Orange County Register

California Goes After Citizens' Rights With Ammo Licensing Bill

California Seeks Sweeping Control on Guns and Ammunition

It's not easy being a gun owner in California. The state already has the strictest gun laws in the nation, with the possible exception of New York, and a flurry of bills are making their way through the legislature that seek to solidify California's position of chief gun-hater.

California legislators are striking at the very heart of liberty. Their actions should worry both those who own guns and those who do not.

Senate Bill 53 is the latest in an anti-ammunition effort being led by State Senator Kevin de León (D-Los Angeles). In 2009, then-Assemblyman de León authored Assembly Bill 962, which imposed restrictions on the sale of handgun ammunition and was signed into law by then-Gov. Arnold Schwarzenegger.

In 2011, however, the Fresno Superior Court ruled the bill was “unconstitutionally vague,” so the provisions were never enforced. Now, de León is back with SB53, which would apply to all kinds of ammunition.

The bill says ammunition sellers may not allow consumers access to ammunition in their stores without the assistance of an employee, sellers must obtain a thumbprint and other personal information from purchasers of ammunition and the delivery or transfer of ammunition must take place in a face-to-face transaction (online and mail order sales would be banned).

In addition, SB53 would require anyone wishing to purchase any kind of ammunition to obtain an “ammunition purchase authorization” permit from the state, undergo a background check, and pay a fee every year. The Senate has already passed the bill, which is currently pending in the Assembly.

Of course, this measure won't keep ammunition out of the hands of criminals any more than the numerous existing gun laws keep guns out of the hands of criminals. By raising the cost of ammunition in California and making it more difficult for law-abiding citizens to acquire it though, SB53 will surely create a sizable black market for out-of-state ammo.

The ammunition bill's true crime is that it violates every person's fundamental and inherent right of self-preservation.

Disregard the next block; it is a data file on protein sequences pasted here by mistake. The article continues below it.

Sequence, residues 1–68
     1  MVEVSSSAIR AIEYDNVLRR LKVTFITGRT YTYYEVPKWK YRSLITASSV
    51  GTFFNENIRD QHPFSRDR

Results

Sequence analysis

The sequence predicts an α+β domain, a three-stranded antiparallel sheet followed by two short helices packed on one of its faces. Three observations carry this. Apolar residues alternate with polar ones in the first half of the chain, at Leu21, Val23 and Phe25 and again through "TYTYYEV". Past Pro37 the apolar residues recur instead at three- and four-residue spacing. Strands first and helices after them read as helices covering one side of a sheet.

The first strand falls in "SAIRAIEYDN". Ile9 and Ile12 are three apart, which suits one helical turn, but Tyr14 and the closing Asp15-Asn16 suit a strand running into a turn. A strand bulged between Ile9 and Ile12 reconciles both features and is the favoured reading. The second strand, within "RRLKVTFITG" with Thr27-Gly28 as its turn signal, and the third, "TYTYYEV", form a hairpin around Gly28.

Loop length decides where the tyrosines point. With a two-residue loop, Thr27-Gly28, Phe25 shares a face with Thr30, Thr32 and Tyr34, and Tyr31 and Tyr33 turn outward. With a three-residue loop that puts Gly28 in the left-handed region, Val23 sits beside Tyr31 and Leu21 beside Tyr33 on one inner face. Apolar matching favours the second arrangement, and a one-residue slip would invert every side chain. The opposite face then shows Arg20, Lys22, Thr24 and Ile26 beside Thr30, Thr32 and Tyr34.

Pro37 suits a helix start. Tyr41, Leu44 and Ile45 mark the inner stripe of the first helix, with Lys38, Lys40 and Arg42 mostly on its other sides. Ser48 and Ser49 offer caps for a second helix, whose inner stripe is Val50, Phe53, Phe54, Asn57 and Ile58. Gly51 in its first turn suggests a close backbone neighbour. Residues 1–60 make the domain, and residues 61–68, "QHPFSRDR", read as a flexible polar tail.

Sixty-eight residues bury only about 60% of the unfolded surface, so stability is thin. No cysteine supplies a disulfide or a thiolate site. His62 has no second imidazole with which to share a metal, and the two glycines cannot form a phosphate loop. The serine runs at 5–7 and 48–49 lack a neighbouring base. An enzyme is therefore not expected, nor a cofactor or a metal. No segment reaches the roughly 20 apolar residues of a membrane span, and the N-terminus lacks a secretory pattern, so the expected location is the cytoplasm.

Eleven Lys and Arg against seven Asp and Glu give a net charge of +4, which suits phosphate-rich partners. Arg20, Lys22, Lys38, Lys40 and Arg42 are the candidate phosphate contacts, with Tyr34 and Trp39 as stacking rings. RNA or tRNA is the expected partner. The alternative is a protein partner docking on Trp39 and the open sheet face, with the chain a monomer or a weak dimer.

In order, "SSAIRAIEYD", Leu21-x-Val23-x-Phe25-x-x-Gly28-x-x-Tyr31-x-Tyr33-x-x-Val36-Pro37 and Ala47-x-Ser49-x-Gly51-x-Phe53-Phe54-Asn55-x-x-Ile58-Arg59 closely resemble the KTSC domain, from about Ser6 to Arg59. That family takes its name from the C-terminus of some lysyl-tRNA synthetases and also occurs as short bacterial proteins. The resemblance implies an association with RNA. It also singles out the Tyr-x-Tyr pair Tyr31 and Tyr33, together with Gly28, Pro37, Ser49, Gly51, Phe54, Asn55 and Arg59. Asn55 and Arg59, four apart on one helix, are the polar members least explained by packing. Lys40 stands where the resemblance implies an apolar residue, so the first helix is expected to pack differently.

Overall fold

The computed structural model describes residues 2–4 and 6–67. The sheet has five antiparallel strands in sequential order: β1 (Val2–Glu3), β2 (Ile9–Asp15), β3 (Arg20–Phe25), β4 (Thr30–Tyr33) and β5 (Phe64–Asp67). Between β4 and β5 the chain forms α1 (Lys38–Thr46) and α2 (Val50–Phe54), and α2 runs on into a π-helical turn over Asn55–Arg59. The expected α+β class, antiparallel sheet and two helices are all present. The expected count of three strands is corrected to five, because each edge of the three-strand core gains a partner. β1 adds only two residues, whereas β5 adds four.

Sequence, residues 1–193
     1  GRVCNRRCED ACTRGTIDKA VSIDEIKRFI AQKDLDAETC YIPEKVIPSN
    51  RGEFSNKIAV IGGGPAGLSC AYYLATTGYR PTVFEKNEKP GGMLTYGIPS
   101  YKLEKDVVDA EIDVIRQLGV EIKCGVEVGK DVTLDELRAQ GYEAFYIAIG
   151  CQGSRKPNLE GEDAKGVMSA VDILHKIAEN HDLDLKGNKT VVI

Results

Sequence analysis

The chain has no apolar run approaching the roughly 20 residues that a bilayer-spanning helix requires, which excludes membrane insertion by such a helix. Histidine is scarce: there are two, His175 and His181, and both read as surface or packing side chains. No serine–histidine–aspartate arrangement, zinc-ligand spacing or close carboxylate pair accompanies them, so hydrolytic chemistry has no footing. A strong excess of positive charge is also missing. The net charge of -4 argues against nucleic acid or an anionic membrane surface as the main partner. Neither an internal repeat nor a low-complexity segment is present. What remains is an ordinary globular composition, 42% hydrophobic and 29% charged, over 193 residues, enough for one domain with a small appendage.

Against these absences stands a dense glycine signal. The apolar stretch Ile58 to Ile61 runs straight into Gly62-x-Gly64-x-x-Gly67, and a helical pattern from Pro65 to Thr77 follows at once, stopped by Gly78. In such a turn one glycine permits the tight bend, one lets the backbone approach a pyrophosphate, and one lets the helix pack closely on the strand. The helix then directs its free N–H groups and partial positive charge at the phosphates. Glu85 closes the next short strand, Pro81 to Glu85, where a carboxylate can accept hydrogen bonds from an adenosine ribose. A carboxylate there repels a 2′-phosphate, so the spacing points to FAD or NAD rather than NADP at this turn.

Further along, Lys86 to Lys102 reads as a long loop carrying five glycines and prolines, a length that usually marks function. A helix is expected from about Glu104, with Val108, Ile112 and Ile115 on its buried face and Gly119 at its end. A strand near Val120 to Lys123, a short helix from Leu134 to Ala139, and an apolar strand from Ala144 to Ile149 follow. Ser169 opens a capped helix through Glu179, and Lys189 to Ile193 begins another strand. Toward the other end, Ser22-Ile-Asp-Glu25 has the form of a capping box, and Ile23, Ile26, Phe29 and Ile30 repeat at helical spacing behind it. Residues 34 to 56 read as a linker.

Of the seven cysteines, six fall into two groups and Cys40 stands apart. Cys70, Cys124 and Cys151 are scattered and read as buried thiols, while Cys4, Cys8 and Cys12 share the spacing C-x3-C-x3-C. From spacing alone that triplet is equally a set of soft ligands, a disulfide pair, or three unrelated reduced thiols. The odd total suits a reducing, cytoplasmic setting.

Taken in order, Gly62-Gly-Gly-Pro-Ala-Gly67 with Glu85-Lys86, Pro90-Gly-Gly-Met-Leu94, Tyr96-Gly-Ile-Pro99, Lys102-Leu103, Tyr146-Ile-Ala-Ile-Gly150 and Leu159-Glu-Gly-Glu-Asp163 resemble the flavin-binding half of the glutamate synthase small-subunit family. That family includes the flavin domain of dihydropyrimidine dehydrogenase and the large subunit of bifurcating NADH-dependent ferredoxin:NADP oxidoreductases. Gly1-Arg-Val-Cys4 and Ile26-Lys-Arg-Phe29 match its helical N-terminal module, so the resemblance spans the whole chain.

Our government was purportedly established to secure our liberties. More and more often, however, it usurps our rights and then licenses portions of them back to us – for an appropriate fee, of course. But our rights do not come from government.

The Declaration of Independence holds it as self-evident truth that one has the rights to life and liberty, and the U.S. Constitution defends the right “to keep and bear arms.” If we have the right to our lives, we must also have the right to defend our lives – by use of a gun, if necessary. And a gun is little more than an expensive paperweight without ammunition.

Can you imagine the Founding Fathers arguing, “People have the right of free speech, but only if they are licensed by the government, obtain a permit from the government to own a printing press, provide their personal information and register such a purchase with the government, and pay an annual fee to the government for the privilege”?

They would consider such a proposal utter nonsense and the antipathy of liberty. Yet this is precisely what California legislators are proposing to do to those who wish to exercise their right of self-defense.

As with government restrictions on gun ownership, the only people who will be harmed by the ammunition restrictions will be law-abiding citizens. The same criminals who are willing and able to acquire their guns illegally will have no hesitation about ignoring even more laws to acquire ammunition.

As a result, honest citizens – gun owners and non-owners alike – will be the losers if this bill becomes law.

Adam B. Summers is a senior policy analyst at the Reason Foundation. This column originally ran in the Orange County Register (paid subscription required).

Adam Summers is Senior Policy Analyst





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